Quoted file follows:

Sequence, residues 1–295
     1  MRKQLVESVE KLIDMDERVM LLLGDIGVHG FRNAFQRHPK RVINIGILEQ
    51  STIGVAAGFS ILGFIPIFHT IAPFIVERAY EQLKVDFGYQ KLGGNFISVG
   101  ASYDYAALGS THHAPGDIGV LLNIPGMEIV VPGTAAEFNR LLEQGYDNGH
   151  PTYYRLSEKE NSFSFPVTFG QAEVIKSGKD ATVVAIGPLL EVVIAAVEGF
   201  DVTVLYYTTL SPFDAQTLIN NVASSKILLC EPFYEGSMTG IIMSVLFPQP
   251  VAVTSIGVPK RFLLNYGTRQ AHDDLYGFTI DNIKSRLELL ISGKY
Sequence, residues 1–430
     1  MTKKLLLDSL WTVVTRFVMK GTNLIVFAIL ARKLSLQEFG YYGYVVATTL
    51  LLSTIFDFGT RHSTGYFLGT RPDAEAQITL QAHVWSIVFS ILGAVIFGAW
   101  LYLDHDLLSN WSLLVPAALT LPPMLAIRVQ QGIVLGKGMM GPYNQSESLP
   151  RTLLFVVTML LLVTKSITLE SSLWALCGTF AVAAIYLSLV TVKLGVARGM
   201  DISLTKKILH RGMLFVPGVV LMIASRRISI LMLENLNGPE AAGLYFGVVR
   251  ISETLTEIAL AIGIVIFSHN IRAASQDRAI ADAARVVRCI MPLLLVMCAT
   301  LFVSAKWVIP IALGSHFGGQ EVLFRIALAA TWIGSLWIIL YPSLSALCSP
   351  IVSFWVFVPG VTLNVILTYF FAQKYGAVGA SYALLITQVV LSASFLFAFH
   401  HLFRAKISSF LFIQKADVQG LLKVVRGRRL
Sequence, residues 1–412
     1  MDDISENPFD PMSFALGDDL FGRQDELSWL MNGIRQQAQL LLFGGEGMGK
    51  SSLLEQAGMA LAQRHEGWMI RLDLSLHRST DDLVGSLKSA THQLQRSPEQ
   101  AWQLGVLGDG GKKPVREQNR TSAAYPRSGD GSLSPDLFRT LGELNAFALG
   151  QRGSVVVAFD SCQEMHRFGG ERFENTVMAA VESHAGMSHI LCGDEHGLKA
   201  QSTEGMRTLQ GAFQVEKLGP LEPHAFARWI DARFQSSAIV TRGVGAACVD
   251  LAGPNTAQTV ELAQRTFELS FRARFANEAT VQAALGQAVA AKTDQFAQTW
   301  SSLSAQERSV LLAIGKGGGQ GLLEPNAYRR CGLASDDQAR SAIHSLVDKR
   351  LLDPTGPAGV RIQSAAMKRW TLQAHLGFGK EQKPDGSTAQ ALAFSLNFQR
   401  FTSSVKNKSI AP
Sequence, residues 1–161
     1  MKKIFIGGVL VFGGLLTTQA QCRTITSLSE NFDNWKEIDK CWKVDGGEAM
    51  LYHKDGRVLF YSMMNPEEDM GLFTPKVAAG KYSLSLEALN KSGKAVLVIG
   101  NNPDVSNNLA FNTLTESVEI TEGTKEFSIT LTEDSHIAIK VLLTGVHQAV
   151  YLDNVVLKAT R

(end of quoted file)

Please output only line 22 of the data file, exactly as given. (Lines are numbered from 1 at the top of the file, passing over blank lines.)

   151  QRGSVVVAFD SCQEMHRFGG ERFENTVMAA VESHAGMSHI LCGDEHGLKA